Someone at the Senior Architect level, by my standard, should surely know how to listen and communicate with the developers on these types of decisions in order to get the best possible outcome.

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About dandouglas
Dan Douglas is based in Toronto, Ontario, Canada and is a professional independent Software Consultant and an experienced and proven subject matter expert, decision maker, and leader in the area of Software Development and Architecture. His professional experience represents over 15 years of architecting and developing highly successful large scale solutions. Dan also believes that properly empowering teams with trust and responsibility yields the greatest results. | For inquiries about Dan's software consulting practice, please see the contact page.  Dan has also built up a network of highly successful and professional Software Developers and Architects who are highly respected and can be called upon and used in conjunction with his own consulting practice to handle the largest of consulting projects.

2 Responses to Getting Closer To The Fine Line In Software

  1. Steven Lane says:

    Good Day Mr. Douglas,
    Once again, I enjoyed reading your views. And thanks for responding to our comments. I totally agree about the team dynamics leading into technical debt. Too often it is taken for granted that everyone is on the same page, have the same insight on it, and the knowledge to pull something off successfully. If you have a team environment then you should take advantage of it. And that doesn’t mean you have to over do it and create too much overhead that way, but use each other’s knowledge and experience. Use each other as sounding boards, give each other different perspectives on any problems. I’ve seen many junior programmers stressed out and panicking because they have already spent 30 hours on a task that should have been 20 and they still don’t know what they are doing and how to achieve the anticipated results. All they needed was 30 mins of demonstration and they were on their way to getting it done. In all of my team settings I would take the time and help others senior or junior, most of the time I was at least a little helpful, and the time that I spent with them was lost time for me, but saved them plenty of time in the end. And if I wasn’t helpful, it was because I learnt something instead, so it helped me out. I think the most efficient way of doing things is for each member of the team to have the team in mind, team goals. It sounds like a backwards thing these days, instead of looking out for each one’s self. But in the end, it promotes better architecture, better development, happier clients, and each team member gets more and better experience, and better knowledge. Sometimes that takes the company realising that a team full of intermediate-senior members getting the job done right, quickly, and efficiently is more cost productive than paying a bunch of juniors to be code monkeys for years without giving them the experience and opportunity to advance. It’s not to say they can’t hire juniors, but likely, in a proper team environment, they shouldn’t stay junior for an extensive amount of time.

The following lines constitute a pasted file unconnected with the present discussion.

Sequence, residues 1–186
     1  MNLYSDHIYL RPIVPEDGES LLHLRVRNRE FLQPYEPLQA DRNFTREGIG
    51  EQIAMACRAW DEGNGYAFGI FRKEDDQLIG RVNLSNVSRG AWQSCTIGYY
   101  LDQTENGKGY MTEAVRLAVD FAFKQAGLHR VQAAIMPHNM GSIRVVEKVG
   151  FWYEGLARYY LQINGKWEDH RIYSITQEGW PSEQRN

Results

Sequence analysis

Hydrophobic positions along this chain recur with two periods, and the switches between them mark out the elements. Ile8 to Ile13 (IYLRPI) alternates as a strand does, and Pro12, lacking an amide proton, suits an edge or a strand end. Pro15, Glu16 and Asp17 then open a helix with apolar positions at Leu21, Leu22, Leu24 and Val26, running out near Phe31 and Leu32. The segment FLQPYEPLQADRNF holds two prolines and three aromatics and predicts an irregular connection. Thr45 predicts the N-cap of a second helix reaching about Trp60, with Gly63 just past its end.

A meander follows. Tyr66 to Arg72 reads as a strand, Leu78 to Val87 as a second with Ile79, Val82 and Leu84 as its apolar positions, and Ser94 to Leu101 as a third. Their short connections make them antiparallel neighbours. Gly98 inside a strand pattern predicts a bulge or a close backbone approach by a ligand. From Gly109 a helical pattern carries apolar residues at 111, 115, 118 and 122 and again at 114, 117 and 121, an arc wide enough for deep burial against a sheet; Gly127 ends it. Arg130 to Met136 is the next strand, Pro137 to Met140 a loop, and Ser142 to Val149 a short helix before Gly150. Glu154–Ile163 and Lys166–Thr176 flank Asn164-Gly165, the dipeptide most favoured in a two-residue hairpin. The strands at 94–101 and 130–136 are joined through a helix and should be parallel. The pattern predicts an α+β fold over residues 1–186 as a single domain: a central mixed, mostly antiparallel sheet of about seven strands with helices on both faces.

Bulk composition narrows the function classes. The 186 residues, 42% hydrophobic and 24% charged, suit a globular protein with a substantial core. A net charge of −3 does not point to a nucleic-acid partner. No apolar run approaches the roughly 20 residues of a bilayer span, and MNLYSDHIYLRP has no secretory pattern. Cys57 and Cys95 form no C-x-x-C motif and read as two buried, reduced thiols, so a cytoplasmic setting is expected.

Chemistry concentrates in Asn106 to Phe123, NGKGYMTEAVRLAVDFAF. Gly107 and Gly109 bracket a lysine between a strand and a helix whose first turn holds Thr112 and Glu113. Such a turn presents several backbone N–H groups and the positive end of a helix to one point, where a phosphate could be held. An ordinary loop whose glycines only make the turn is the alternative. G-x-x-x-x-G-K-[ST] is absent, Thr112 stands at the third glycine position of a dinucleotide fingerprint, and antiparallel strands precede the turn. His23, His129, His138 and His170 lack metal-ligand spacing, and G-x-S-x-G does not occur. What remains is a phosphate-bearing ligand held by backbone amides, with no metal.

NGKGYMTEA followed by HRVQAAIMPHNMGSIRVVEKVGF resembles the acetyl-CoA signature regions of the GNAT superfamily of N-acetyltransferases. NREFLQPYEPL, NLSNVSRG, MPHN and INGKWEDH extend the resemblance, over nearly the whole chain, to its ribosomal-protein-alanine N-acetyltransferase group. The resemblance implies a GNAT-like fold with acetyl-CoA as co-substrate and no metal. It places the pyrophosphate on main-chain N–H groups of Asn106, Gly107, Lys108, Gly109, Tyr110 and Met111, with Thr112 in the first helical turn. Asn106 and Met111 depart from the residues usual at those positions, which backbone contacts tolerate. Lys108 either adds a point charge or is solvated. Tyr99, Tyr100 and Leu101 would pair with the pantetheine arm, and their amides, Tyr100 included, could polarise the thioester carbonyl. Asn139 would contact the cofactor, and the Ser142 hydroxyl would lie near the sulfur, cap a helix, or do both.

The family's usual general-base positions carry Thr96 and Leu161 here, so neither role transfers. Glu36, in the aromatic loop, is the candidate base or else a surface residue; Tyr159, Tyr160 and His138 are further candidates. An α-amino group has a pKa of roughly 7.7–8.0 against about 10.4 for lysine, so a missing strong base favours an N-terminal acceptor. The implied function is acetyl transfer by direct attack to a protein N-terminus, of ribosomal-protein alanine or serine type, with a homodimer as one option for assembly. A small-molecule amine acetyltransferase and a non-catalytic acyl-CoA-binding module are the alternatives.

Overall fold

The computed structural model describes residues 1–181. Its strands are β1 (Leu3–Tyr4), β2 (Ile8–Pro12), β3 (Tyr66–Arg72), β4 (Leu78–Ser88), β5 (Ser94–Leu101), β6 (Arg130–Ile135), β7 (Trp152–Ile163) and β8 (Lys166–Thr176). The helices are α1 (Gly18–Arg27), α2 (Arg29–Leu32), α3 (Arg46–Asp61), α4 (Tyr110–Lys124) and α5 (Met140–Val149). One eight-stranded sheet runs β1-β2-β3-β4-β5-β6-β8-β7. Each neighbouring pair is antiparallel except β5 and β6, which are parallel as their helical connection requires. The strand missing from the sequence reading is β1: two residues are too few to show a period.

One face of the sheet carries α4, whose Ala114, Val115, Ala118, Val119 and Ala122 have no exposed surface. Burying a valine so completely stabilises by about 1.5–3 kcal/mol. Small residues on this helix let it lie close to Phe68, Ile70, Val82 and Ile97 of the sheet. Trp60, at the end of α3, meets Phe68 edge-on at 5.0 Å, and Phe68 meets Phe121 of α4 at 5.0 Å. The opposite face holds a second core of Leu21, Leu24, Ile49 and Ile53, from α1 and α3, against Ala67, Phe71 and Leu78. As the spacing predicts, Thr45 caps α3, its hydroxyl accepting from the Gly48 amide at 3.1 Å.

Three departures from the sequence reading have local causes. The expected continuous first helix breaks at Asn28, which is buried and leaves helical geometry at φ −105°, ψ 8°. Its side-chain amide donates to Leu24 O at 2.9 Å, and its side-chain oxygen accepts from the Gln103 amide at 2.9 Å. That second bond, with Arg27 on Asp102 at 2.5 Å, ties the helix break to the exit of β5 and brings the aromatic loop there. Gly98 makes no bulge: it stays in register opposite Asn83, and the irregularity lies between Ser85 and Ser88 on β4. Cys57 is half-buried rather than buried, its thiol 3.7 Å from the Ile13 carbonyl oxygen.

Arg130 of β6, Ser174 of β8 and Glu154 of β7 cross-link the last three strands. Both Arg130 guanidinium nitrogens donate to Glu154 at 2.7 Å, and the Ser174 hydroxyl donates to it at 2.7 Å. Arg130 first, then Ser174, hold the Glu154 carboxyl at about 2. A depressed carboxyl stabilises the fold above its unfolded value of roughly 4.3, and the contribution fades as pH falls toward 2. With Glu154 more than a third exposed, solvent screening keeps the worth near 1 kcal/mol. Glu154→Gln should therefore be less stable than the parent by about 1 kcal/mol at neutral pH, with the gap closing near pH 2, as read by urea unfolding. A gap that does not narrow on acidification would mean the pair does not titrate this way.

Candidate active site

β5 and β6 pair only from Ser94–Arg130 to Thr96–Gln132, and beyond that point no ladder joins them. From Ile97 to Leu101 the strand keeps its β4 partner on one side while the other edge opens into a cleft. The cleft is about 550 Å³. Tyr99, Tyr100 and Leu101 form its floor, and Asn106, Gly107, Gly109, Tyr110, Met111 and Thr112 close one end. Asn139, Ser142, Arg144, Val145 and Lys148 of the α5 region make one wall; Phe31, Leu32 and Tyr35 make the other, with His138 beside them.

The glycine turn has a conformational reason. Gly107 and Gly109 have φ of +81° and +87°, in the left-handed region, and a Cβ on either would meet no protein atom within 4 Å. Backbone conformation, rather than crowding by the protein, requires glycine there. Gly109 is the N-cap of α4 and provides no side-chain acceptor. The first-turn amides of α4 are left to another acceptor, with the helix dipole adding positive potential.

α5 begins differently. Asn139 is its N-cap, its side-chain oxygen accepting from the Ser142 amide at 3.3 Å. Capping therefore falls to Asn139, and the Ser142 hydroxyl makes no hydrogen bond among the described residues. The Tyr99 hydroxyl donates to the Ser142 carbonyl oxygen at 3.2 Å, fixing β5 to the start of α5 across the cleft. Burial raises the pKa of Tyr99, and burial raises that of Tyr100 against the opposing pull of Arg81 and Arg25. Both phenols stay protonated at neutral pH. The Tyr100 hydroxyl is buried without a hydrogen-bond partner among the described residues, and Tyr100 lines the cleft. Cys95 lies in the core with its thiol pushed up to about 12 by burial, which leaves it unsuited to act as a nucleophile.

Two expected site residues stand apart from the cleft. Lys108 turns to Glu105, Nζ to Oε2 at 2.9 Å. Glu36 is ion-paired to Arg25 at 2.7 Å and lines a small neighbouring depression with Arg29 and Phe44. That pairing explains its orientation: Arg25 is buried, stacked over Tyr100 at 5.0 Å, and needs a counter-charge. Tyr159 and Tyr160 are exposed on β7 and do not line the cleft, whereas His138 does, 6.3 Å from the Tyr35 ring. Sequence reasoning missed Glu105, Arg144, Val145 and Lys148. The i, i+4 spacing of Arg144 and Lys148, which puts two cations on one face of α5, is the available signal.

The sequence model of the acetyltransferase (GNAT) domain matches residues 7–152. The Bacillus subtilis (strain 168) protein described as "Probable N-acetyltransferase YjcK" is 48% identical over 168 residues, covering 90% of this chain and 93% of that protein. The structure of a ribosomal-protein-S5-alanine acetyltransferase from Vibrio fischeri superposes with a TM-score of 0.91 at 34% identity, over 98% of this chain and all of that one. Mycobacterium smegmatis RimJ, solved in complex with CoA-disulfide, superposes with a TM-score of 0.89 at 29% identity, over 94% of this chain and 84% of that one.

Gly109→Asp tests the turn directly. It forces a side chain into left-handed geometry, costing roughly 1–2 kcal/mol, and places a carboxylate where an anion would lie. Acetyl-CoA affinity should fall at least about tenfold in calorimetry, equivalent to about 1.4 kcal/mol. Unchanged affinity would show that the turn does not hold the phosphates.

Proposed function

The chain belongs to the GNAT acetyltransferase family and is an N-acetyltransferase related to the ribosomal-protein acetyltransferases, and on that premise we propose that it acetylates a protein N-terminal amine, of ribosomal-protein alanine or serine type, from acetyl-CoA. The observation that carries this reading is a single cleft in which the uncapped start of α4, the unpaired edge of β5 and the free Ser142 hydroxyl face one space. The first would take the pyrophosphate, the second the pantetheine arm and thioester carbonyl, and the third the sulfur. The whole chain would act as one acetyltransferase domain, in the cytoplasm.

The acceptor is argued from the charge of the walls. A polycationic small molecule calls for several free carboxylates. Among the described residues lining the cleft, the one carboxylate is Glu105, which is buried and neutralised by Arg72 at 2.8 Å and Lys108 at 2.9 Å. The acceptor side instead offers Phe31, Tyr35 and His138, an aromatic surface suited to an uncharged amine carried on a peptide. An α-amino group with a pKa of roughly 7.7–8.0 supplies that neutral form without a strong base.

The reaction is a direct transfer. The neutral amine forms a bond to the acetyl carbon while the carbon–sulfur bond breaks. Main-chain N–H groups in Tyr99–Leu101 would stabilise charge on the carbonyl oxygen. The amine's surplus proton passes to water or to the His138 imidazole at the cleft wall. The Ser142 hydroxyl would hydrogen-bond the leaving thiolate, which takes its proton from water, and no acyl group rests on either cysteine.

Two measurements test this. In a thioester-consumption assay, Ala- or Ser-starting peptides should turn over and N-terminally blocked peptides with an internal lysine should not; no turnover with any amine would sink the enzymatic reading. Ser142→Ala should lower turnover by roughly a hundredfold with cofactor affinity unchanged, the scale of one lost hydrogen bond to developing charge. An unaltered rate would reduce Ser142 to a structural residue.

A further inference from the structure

What concerns me the most right now is proper architecture without technical debt for the single developer. I just want to second your thoughts. Make sure you understand the business needs up front. What are they now, what will they for sure need in the future, and are there things they may need but may not need. Start right away with the whole picture and think of how you can meet all of it. Now don’t kill yourself working out the details of something they may need in ten years and how you will be able to implement it. But certainly be aware of it. If you know what they will need in 2 years, then you can plan and have some of the framework ready to make it easier then, but certainly don’t go ahead of yourself and create too much of the framework. I keep thinking back, “Make sure you understand the business needs up front.” It needs to be clear. For you and the business. If it’s not clear and laid out, then something will go wrong, and it will end up as technical debt. The only way to know if you are over architecture or under architecture is to know the business needs. If you are unaware of that, it will always be a miss.

    Steven Lane

  2. dandouglas says:

    Great comment Steve! Thanks for reading and commenting :)